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Getting tack sharp photos at full resolution


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3 replies to this topic

#1
meganhaderphotography

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I have a D3500 and I previously had a D3200.  I typically shoot Raw so I can do minor editing as I am not great at more in depth editing so of course the photos blow up large when you bring them up to full resolution on a computer monitor.  When I take the photo and look at it on the camera screen, it seems to be fairly sharp.  Unfortunately, when it is blown up on the computer, the photo is usually blurry at full resolution.  However, if I reduce the pixel size on the screen, the photo looks sharp.  My questions are, do I really need to worry if I can't get a tack sharp photo at 24 megapixels? The more I try to keep the camera perfectly still, the more I seem to move. And are professional photographers able to get tack sharp photos at full resolution?  I've seen lots of YouTube photographers demonstrating their techniques of how to shoot but you never see their full resolution photograph to see if they are getting a tack sharp photo at its full size.  I know they are shooting with way more expensive cameras than I have but when they're taking a photo of a bird while moving I'm doubting that they are getting 100% perfectly sharp photos. I figure I'm not the only one with these issues so I figured I'd hop on here and see what others folks thoughts are.  Thanks!



#2
Bobby18120

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I have a D3500 and I previously had a D3200.  I typically shoot Raw so I can do minor editing as I am not great at more in depth editing so of course the photos blow up large when you bring them up to full resolution on a computer monitor.  When I take the photo and look at it on the camera screen, it seems to be fairly sharp.  Unfortunately, when it is blown up on the computer, the photo is usually blurry at full resolution.  However, if I reduce the pixel size on the screen, the photo looks sharp.  My questions are, do I really need to worry if I can't get a tack sharp photo at 24 megapixels? The more I try to keep the camera perfectly still, the more I seem to move. And are professional photographers able to get tack sharp photos at full resolution?  I've seen lots of YouTube photographers demonstrating their techniques of how to shoot but you never see their full resolution photograph to see if they are getting a tack sharp photo at its full size.  I know they are shooting with way more expensive cameras than I have but when they're taking a photo of a bird while moving I'm doubting that they are getting 100% perfectly sharp photos. I figure I'm not the only one with these issues so I figured I'd hop on here and see what others folks thoughts are.  Thanks!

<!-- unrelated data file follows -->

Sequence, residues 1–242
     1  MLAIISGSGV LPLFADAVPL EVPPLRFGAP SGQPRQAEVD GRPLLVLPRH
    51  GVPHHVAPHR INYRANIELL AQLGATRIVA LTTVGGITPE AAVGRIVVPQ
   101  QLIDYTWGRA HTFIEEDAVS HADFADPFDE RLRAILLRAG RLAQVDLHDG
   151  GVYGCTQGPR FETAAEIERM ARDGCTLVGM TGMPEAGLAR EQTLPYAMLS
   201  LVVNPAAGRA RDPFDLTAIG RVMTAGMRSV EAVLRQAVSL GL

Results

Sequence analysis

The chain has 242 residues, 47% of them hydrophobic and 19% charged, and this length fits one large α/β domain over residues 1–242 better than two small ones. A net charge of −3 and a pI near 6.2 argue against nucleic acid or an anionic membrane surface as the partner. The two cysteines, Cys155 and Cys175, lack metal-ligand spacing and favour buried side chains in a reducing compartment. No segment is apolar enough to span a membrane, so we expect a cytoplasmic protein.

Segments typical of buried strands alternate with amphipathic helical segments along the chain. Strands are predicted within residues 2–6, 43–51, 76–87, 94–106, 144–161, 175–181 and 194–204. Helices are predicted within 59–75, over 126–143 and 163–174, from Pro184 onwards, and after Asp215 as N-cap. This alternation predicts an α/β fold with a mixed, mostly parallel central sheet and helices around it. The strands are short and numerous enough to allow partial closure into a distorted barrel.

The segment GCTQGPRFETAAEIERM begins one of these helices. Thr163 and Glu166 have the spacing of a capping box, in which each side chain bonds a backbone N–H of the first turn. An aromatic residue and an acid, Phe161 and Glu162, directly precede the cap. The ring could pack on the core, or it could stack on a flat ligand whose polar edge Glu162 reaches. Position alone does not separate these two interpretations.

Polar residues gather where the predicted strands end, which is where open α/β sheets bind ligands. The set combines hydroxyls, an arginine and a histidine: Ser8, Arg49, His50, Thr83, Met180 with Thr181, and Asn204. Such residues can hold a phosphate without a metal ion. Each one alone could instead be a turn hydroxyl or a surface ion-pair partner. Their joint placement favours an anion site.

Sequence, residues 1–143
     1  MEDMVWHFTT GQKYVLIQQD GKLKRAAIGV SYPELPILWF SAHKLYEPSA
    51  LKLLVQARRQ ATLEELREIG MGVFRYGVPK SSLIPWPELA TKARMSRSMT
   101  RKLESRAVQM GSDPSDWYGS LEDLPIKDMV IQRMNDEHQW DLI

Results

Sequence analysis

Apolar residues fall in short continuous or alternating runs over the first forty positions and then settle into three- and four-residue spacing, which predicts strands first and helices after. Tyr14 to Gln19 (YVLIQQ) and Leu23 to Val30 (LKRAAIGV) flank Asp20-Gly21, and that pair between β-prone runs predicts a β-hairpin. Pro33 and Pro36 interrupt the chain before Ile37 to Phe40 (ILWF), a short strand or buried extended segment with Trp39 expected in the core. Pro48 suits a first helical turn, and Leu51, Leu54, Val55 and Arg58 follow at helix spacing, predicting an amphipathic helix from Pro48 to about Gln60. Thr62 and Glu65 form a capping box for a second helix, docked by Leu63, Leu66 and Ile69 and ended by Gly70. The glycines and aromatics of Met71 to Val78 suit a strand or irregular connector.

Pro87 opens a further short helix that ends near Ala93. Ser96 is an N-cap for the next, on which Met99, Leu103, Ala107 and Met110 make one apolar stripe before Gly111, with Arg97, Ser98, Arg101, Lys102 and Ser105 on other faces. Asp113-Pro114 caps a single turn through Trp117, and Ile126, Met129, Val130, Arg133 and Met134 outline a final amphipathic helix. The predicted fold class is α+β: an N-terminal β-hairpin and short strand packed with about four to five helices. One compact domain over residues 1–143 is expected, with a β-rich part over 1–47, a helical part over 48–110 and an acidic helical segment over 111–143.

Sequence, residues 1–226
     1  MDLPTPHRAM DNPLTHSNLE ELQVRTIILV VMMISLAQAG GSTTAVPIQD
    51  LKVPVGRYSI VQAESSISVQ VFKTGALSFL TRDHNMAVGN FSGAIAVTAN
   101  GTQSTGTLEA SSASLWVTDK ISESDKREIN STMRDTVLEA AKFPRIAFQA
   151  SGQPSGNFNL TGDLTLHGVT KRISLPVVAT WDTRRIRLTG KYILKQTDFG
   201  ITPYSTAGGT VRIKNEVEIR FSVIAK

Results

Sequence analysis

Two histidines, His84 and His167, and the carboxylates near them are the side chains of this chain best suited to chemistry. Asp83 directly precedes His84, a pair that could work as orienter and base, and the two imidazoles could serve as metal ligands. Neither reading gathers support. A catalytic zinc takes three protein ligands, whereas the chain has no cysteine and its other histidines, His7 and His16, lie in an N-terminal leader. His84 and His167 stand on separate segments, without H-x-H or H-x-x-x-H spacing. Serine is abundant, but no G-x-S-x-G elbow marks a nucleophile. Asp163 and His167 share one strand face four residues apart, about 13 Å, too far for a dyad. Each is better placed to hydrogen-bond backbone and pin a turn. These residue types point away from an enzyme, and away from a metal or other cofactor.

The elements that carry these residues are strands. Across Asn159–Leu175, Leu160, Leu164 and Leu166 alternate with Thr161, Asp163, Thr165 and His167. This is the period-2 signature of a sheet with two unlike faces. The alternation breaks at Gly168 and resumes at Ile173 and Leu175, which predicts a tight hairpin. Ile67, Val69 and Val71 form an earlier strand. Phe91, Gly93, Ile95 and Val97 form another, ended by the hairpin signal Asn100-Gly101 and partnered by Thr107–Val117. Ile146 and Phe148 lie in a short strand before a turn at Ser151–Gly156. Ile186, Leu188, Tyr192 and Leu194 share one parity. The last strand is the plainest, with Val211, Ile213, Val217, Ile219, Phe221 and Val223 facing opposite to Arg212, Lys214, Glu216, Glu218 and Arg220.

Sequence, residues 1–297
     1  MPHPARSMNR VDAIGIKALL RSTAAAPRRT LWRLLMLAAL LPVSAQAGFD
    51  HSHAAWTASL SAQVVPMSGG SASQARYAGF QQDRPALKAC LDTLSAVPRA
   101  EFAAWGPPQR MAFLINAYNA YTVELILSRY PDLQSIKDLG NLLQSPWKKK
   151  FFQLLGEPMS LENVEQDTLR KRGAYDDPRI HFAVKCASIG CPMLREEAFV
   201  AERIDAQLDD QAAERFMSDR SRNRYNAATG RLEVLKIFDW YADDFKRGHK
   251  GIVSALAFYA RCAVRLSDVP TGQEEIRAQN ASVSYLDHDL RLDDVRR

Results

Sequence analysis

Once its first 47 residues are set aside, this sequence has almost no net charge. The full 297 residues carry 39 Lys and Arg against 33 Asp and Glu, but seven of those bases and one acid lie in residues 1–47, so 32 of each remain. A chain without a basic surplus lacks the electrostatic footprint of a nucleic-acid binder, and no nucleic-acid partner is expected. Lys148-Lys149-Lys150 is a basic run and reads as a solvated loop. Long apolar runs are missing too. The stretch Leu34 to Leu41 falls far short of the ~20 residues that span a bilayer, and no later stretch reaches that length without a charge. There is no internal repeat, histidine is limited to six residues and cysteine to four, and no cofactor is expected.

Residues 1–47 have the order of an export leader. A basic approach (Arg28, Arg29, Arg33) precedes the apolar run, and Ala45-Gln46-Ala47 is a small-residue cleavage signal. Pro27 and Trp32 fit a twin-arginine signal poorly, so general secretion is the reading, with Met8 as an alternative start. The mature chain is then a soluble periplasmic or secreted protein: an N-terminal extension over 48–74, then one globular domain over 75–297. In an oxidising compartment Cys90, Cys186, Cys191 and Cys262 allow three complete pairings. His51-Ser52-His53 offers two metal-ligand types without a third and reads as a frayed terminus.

Can you be more specific ?

What kind of lens you are using? 



#3
Nikon Shooter

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I already addressed your question on an other forum.

In addition to that answer, one has to use the better quality lenses and be sur
they went through the AF Fine Tune procedure.

———————————————————————

From the other forum:

This shot, taken this week when I was just having a break at the marsh,

was capture with a D850 + 600 mm ƒ4 combo. The resolution is 8256
x 5504 px. It is the full RAW with Auto WB and just the DRL (Dynamic
Range Levels = black and white points settings) applied.

***The two red oval are confirming that it is always the same file and
at what enlargement it is viewed.

Before crop, viewed to fit the working window of the app on my screen.



%20capture.jpg


Once cropped to my intent and fit to the app's screen yields this:



%20crop.jpg


Seen at 100% : 300 ppi



100.jpg


Seen at 200% : 150 ppi



200.jpg


Seen at 300%



300.jpg


Seen at 400% : 75 ppi. This is +/- the resolution of billboards meant to
be seen yards and yards away… ultimately, that's really what counts.



400.jpg
 


#4
Merco_61

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What lens? What shutter speed? What aperture? What ISO? What distance? What's the weather like? What editor do you use?

These all affect the outcome in the final photo. 

 

Is the lens tack sharp when shooting something static at the same distance, on a good tripod?

 

For a BIF shot, is the bird in a crosswind or flying straight into the wind? The feathers are in constant movement in a crosswind, even if the wing is in a soaring position.

How do you breathe when you are shooting, do you time the capture to your breathing?